Making connections

Opportunities for group discussion and personal prayer

Be with me, Lord, when I am in trouble.

Sharing the tradition

A closer look at the Scripture of the day, to see how it makes more explicit God’s word to us through the teachings of Jesus Christ

The whole season of Lent–Easter–Pentecost has a fundamental integrity and unity to it, despite being divided into forty- and fifty-day time frames, set each side of the Easter celebration. The word Lent is derived from an Anglo-Saxon word meaning ‘spring’ and was associated in the northern hemisphere with the seasonal change from winter and the lengthening of the days. The forty-day period of fasting and almsgiving in preparation for Easter was not firmly set until the fourth century and had strong catechumenal and baptismal overtones, as this was the final preparation time for people seeking baptism. This focus has been revised in recent years, and of course the current catechumens have become part of that process.

Symbols and images

In the Scriptures, the desert or the wilderness is a place of great deprivation and hardship. We sometimes hear of people undergoing a ‘dark night of the soul’ or a ‘desert experience’. It can be a time of testing. Often these experiences, however, lead to a new understanding of God or a renewed faith, in much the same way that God led God’s people through the wilderness to the Promised Land.

Living the Word

Practical ideas for group leaders to employ in connecting Scripture and daily life, with suggestions for music and environment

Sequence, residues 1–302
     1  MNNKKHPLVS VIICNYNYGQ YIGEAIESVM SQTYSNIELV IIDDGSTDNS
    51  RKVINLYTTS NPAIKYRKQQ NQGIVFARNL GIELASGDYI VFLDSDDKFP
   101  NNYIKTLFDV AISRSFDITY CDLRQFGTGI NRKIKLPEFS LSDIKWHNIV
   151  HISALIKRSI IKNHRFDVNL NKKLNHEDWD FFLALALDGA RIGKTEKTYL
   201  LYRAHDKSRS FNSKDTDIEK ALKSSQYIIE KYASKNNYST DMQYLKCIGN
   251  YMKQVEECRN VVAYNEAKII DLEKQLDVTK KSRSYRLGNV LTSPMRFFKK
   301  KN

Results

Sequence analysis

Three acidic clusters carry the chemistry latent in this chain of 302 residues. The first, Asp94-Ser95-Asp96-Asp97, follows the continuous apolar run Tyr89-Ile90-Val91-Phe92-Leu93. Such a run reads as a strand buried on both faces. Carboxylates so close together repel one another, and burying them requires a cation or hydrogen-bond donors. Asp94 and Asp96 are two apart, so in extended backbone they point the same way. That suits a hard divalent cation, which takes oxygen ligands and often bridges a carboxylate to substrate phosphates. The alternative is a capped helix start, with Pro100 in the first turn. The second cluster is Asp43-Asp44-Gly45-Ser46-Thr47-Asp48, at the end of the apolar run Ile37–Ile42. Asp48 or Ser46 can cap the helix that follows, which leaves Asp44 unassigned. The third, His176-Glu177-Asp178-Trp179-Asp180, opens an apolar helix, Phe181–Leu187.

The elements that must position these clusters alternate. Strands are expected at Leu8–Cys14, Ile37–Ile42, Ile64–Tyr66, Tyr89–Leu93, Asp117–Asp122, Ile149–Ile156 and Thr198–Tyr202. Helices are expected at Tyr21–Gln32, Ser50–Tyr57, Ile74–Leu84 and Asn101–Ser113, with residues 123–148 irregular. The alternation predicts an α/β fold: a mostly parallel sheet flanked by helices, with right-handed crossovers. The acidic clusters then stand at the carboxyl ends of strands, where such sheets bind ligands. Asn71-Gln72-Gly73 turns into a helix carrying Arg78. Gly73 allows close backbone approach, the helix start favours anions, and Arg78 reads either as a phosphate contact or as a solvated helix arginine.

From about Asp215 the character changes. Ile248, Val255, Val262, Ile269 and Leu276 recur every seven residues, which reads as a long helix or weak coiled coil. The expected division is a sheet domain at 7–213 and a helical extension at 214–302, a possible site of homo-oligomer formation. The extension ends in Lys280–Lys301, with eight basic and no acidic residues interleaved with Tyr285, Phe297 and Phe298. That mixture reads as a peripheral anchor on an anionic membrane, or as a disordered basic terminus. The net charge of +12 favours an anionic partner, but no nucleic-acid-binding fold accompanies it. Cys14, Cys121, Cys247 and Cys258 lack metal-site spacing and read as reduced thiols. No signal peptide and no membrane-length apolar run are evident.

First reading

Ecclesiasticus 27:5–8
The test of a man is in his conversation.

Responsorial psalm

Psalm 91(92):2–3, 13–16
R. Lord, it is good to give thanks to you.

Second reading

1 Corinthians 15:54–58
Death is swallowed up in victory.

Gospel acclamation

Philippians 2:15–16
Shine on the world like bright stars; you are offering it the word of life.

Gospel

Luke 6:39–45
Can the blind lead the blind?

Images from the Word

Liturgical notes

To bring to completion the prayer of the People of God, and also to conclude the entire Communion Rite, the priest sings or says the Prayer after Communion, in which he prays for the fruits of the mystery just celebrated.

General Instruction of the Roman Missal, §89

Having completed our Sunday celebration of the Mass, we are blessed to take the fruits of the celebration into our world. Our God relies upon us to be ambassadors of his work in our world. It will be by our faith-filled service to our brothers and sisters that it will be possible for God to be present to our world.

‘Behold, I am with you always, even to the end of the age, says the Lord.’

—communion antiphon

First reading

1 Samuel 26:2, 7–9, 11–13, 22–23
Do not lift your hand against the Lord’s anointed.

Responsorial psalm

Psalm 102(103):1–4, 8, 10, 12–13
R. The Lord is kind and merciful.

Second reading

1 Corinthians 15:45–49
The first Adam became a living soul; the last Adam, a life-giving spirit.

Gospel acclamation

John 13:34
I give you a new commandment; love one another as I have loved you.

Gospel

Luke 6:27–38
Love your enemies.

Images from the Word:

Liturgical notes:

In the celebration of Mass

is found the high point both of the action by which God sanctifies the world in Christ and of the worship that the human race offers to the Father, adoring him through Christ, the Son of God, in the Holy Spirit.

General Instruction of the Roman Missal, §16

As the Mass is the action of Christ and of the Church, we are both blessed by the action of Christ and join with Christ in giving true worship to God. Christ may be the Alpha, but Christ relies upon the Church to live appropriately so that he may be present as the Omega. Our God stands in need of our lives of holiness so that his plan for salvation may be achieved.

‘Lord, I have come to believe that you are the Christ, the Son of the living God, who is coming into this world’

—communion antiphon